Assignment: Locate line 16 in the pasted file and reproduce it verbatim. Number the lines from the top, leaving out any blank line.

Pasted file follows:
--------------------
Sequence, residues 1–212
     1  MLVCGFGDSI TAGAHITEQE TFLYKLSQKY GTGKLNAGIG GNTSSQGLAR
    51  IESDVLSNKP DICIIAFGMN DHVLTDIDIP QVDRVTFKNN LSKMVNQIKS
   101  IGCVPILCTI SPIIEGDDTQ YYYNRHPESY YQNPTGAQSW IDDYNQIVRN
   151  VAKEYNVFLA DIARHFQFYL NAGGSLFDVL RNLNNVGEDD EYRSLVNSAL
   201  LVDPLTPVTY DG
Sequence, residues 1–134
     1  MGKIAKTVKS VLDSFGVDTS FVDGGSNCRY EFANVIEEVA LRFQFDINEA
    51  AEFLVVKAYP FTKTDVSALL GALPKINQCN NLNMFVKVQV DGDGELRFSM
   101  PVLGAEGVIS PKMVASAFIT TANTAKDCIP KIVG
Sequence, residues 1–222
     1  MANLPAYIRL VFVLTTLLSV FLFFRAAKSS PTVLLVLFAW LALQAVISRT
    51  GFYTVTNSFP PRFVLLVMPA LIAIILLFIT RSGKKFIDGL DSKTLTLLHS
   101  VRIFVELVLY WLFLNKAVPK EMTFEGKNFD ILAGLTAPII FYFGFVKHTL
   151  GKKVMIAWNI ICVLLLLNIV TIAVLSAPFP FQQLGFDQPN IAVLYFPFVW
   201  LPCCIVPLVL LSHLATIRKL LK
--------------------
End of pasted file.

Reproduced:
   201  LPCCIVPLVL LSHLATIRKL LK